Last week, the minority Stephen Harper government fell on a confidence motion by a 156-145 vote. Speaking to the motion, Opposition leader Michael Ignatieff attacked the government for disrespecting Canadian democracy and treating parliament with contempt.
The myth of Canada being dull is captured in the apocryphal story that in an international competition for the most boring news headline of the year, the winning entry was “Yet another worthy Canadian initiative.”
Edmund Burke noted that all that was necessary for evil to triumph was for good men to do nothing. Canadians are certainly good and worthy folks, but they suffer an excess of civil obedience, politeness and lack of civic rage that could be harnessed to combat political atrophy.
At a time when Arabs risk life and limb for political freedoms, Canadians seem largely apathetic about the erosion of their democracy.
The centralization of power in the hands of the prime minister and political staffers – with the resulting diminution of the role and status of cabinet, parliaments and parliamentarians – is common to Anglo-Saxon democracies in Australia, Britain, Canada and the US (with due differences for its presidential system of government), but the extent to which constitutional conventions, parliamentary etiquette and civil institutions of good governance have been worn away in Canada is cause for concern.
A minister told parliament she did not know who had altered a document that cut funding to a foreign aid group. Later, she admitted to ordering the changes, but did not know who had carried out the order. Lying to parliament, a cardinal sin of Westminster-style democracy, has become a political tactic.
Following rulings by Speaker Peter Milliken, for the first time in Canadian history, the government and a minister have been found to be in contempt of parliament for withholding information and misleading the house.
The Integrity Commissioner was so inept that she failed to uphold a single one of more than 200 whistle-blowing complaints.
Forced out of office by the ensuing public outcry, she was awarded a $500,000 severance package on condition that neither she nor the government talk about it.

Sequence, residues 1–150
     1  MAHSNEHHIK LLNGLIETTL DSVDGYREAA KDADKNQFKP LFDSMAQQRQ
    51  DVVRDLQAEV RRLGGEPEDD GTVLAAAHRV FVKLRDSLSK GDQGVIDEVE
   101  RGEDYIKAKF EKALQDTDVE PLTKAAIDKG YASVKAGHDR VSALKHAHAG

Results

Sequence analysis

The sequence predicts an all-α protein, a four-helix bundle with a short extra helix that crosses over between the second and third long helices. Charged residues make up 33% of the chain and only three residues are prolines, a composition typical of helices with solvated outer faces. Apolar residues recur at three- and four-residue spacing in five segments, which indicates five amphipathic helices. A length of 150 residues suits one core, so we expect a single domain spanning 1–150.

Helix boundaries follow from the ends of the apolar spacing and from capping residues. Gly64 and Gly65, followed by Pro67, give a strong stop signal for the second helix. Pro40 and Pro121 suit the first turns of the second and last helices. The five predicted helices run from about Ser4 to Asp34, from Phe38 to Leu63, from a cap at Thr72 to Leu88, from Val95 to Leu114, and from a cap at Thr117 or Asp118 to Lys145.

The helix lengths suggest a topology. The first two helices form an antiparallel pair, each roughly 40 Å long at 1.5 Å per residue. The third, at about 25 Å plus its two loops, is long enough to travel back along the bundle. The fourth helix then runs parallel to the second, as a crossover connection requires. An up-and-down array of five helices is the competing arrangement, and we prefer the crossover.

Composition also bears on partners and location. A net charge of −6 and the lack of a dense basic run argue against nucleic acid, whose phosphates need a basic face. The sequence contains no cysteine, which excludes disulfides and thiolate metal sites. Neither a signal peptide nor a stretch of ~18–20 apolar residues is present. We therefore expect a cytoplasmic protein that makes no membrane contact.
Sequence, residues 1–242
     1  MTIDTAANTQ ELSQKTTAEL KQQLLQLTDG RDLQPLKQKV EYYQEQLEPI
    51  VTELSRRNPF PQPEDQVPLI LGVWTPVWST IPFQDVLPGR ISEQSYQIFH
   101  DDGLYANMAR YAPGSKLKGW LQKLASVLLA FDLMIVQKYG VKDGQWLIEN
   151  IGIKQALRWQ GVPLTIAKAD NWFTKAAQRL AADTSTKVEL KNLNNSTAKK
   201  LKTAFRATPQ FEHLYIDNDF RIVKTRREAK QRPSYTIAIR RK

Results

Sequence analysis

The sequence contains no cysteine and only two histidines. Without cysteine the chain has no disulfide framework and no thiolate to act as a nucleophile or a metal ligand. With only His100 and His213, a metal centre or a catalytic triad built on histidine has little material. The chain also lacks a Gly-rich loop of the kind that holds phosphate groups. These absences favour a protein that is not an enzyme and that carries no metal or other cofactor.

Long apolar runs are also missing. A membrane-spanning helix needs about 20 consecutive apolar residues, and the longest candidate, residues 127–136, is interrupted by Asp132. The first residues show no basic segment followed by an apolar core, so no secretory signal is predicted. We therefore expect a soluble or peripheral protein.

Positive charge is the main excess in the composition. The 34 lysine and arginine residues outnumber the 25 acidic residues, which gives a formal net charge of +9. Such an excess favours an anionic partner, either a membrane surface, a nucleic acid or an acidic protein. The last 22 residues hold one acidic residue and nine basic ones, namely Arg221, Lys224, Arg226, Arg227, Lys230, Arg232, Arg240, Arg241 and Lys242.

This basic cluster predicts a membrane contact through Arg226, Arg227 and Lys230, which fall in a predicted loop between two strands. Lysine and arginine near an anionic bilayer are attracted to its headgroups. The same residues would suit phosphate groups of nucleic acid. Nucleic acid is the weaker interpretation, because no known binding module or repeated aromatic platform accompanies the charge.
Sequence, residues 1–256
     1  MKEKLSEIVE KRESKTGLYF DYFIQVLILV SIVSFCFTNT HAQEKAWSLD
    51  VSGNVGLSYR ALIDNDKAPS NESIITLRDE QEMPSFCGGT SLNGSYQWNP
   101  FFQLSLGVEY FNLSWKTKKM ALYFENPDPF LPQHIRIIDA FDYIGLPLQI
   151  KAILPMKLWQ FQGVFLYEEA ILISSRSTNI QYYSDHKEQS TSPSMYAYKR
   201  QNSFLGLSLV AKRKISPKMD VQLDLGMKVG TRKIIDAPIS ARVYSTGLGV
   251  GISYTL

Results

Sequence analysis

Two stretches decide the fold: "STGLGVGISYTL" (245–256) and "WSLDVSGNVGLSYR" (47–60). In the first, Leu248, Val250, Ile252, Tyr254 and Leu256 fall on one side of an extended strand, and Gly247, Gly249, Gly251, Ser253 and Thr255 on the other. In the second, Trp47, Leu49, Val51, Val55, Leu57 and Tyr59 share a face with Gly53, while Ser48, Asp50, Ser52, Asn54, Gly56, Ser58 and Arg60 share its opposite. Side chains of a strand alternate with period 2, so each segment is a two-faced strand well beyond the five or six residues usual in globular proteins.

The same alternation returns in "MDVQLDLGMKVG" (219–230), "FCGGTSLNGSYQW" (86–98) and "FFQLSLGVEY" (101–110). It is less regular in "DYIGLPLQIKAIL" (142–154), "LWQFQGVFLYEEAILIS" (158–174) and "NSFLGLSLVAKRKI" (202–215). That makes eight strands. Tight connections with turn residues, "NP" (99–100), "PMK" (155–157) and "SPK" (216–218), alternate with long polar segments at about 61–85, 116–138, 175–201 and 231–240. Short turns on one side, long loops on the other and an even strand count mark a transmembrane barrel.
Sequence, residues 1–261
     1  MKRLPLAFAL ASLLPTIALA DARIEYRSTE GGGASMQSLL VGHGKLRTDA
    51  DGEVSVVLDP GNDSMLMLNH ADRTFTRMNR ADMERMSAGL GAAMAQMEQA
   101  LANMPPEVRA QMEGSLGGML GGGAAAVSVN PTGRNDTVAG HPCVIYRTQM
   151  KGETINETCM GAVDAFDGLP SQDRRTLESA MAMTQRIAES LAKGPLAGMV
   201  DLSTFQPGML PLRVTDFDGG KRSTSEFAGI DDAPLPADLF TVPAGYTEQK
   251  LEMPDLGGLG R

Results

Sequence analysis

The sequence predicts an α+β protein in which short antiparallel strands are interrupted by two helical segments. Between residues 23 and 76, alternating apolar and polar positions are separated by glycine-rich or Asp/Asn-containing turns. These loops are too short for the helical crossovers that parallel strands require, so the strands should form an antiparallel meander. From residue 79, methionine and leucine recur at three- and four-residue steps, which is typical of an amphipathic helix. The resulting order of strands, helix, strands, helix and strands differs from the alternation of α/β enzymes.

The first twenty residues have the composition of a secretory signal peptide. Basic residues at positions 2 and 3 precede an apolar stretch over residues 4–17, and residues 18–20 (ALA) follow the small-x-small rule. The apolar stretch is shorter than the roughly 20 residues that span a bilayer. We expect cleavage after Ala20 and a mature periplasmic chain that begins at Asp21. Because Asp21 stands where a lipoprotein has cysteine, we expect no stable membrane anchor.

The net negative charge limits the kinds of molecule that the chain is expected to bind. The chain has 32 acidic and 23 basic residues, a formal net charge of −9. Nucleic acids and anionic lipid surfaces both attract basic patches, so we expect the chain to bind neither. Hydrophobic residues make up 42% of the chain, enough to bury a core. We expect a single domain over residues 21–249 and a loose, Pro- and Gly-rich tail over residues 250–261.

That is, a public servant paid by the taxpayer was financially gagged by yet more taxpayer money to stop taxpayers finding out what was going on.
When a foreign service officer blew the whistle on the Canadian military handing over detainees to Afghan security forces, in likely violation of international humanitarian law, the government tried to destroy him and refused to give documents to a parliamentary inquiry. The Speaker reminded the government that parliament controlled cabinet, not the other way round.
After the last elections, when the opposition parties were close to agreement on a coalition majority government, rather than face the House in a vote of confidence, Harper talked the governor-general into shuttering parliament for a month until he shored up his own support.
When the time came to choose a new governor general, Harper opted for someone who had carefully drawn up terms of an inquiry commission to exclude the potentially most damaging aspects of a scandal involving a former Conservative prime minister.
Four Conservatives have been charged with exceeding campaign spending limits in the 2006 election that put Harper into power. A minister used public office and material to pursue party-political goals of courting ethnic vote banks for the Conservatives.
Having come into office on campaign promises of greater transparency and accountability, Harper has silenced civil servants and diplomats, cynically published guidelines on how to disrupt hostile parliamentary committees, and suppressed research that contradicts ideologically-driven policy, for example, data that show crime rates to be falling.
Judges who rule against the pet causes of the government’s ideological base are not immune to attacks from cabinet ministers.
Civil society groups that criticize any government policy or ideology risk loss of funding and hostile takeovers by boards stacked with pro-government ciphers.
Little wonder Globe and Mail columnist Lawrence Martin describes the government’s “arc of duplicity” as “remarkable to behold.”
What remains unclear is whether this adds up to an indictment of Canadians’ indifference to democratic rights being curtailed or of the opposition parties, which have failed to harness the silent majority’s outrage.
As Canadians head to the polls May 2, it remains to be seen whether Liberal party charges of the Harper government being obsessed with secrecy, control, spin and attack ads will resonate with voters. Until then, O Canada, we cry our hearts for thee.
Ramesh Thakur is professor of political science at the University of Waterloo and adjunct professor, Institute of Governance, Ethics and Law, Griffith University.
(Editor’s note: This piece was first published in the Australian. Thakur graciously allowed us to republish it here.)